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    ABSTRACT: The new insights presented at the 5th Joint Triennial Congress of the European and Americas Committees on Treatment and Research in Multiple Sclerosis (ECTRIMS and ACTRIMS) held in Amsterdam, the Netherlands, 19-22 October 2011, have been summarized at the fourth edition of Post-ECTRIMS meeting held in Madrid in November 2011. Regional grey-matter atrophy is more sensitive to cognitive impairment than global grey-matter atrophy measures. In patients with clinically isolated syndrome cognitive impairment does not predict conversion to multiple sclerosis (MS) after 5-years of follow-up. Focusing on central nervous system plasticity and functional reorganization in MS, an early intervention can improve clinical aspects and enhances brain plasticity. Preservation of a potential for plasticity provides a rationale for rehabilitation interventions even in later stages of disease. Therapeutical strategies have focused on stem cell-mediated remyelination and immunomodulation functions, on cellular infiltration into the brain, and on new ways for immuno-modulation for the development of future therapies in MS. Encouraging findings from clinical trials with current and emerging disease-modifying therapy being developed was also a key theme at this edition. Positive results have been reported for rituximab, ocrelizumab, ofatumumab, daclizumab, alemtuzumab, teriflunomide, BG-12, and laquinimod, including a favorable safety profile. Since armamentarium for the treatment of MS is fast increasing, concerns exist about the risk of severe adverse events with their use. This aspect reinforces the importance of disease registries as a proactive tool for monitoring drug safety in the post-approval setting.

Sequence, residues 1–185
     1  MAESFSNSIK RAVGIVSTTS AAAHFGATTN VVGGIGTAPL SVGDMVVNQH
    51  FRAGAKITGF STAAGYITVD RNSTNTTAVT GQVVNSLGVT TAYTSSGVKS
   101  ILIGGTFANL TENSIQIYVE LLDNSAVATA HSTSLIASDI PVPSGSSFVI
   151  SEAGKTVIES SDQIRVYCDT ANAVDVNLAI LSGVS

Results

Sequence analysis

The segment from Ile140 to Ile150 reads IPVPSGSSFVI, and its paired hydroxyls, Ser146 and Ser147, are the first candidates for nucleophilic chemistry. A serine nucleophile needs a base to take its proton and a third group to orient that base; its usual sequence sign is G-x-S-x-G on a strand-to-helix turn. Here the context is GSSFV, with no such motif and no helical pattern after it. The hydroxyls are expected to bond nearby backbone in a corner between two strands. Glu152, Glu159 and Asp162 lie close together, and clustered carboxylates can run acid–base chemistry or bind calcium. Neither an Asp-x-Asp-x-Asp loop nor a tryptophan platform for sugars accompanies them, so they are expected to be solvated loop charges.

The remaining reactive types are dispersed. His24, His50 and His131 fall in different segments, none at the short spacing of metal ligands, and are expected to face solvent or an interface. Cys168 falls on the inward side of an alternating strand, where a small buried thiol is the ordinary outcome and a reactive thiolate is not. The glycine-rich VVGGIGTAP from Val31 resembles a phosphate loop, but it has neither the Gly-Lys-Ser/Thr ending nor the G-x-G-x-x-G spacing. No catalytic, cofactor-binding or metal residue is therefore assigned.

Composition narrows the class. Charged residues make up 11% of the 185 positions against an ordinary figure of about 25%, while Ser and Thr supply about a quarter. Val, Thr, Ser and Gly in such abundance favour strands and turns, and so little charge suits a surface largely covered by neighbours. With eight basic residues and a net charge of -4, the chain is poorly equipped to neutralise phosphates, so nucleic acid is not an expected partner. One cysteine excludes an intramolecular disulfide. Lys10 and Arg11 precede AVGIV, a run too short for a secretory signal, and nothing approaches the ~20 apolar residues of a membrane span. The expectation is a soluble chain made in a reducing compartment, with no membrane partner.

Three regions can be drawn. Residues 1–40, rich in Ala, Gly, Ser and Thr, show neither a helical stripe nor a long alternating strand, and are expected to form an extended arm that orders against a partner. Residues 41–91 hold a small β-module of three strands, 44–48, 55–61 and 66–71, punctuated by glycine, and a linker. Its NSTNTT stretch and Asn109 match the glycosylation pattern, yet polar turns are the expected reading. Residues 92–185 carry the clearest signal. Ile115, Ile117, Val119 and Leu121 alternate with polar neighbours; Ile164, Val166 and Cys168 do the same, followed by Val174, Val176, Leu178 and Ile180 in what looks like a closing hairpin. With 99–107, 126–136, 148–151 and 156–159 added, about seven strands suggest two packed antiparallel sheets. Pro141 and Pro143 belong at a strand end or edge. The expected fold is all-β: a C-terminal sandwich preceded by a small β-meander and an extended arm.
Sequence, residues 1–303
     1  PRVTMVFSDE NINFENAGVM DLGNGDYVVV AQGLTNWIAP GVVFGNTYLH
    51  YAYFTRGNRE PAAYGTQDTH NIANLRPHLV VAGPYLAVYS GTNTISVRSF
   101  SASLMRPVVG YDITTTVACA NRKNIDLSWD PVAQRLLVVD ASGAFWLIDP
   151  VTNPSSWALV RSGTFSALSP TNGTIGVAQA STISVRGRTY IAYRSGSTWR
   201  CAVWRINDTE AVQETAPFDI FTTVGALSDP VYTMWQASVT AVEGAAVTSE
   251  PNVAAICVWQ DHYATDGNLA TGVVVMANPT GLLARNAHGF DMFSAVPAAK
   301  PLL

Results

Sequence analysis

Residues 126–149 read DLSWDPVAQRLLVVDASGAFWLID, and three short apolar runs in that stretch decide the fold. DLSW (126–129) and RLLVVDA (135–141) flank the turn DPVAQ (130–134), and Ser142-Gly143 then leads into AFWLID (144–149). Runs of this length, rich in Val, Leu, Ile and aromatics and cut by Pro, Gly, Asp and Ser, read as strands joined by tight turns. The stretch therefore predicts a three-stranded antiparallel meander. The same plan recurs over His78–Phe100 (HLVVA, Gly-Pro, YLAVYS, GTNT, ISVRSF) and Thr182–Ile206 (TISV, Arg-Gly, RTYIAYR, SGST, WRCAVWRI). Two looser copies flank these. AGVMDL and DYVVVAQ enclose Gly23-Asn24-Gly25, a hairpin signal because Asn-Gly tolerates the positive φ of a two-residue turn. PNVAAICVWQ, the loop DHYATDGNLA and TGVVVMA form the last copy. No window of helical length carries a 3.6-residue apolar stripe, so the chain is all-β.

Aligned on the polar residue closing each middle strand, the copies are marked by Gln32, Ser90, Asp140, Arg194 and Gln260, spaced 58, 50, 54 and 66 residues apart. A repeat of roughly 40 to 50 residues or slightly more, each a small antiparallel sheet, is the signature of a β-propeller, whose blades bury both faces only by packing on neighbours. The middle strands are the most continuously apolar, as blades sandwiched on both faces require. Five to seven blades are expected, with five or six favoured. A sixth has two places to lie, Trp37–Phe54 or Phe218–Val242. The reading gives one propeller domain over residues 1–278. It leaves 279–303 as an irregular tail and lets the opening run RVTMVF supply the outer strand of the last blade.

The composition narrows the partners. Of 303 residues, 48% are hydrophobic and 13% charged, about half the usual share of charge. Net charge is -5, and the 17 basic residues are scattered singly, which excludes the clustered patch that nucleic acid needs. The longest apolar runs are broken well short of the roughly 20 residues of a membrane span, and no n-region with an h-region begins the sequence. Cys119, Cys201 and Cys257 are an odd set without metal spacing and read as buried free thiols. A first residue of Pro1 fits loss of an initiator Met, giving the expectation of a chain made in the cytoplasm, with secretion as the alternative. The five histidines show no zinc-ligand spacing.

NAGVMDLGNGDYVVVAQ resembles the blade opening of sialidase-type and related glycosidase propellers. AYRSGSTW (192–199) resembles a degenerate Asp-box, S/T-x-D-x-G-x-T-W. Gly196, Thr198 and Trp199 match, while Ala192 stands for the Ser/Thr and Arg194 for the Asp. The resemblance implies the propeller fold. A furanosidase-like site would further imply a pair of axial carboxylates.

Revista de neurologia 06/2012; 54(12):734-49. · 1.18 Impact Factor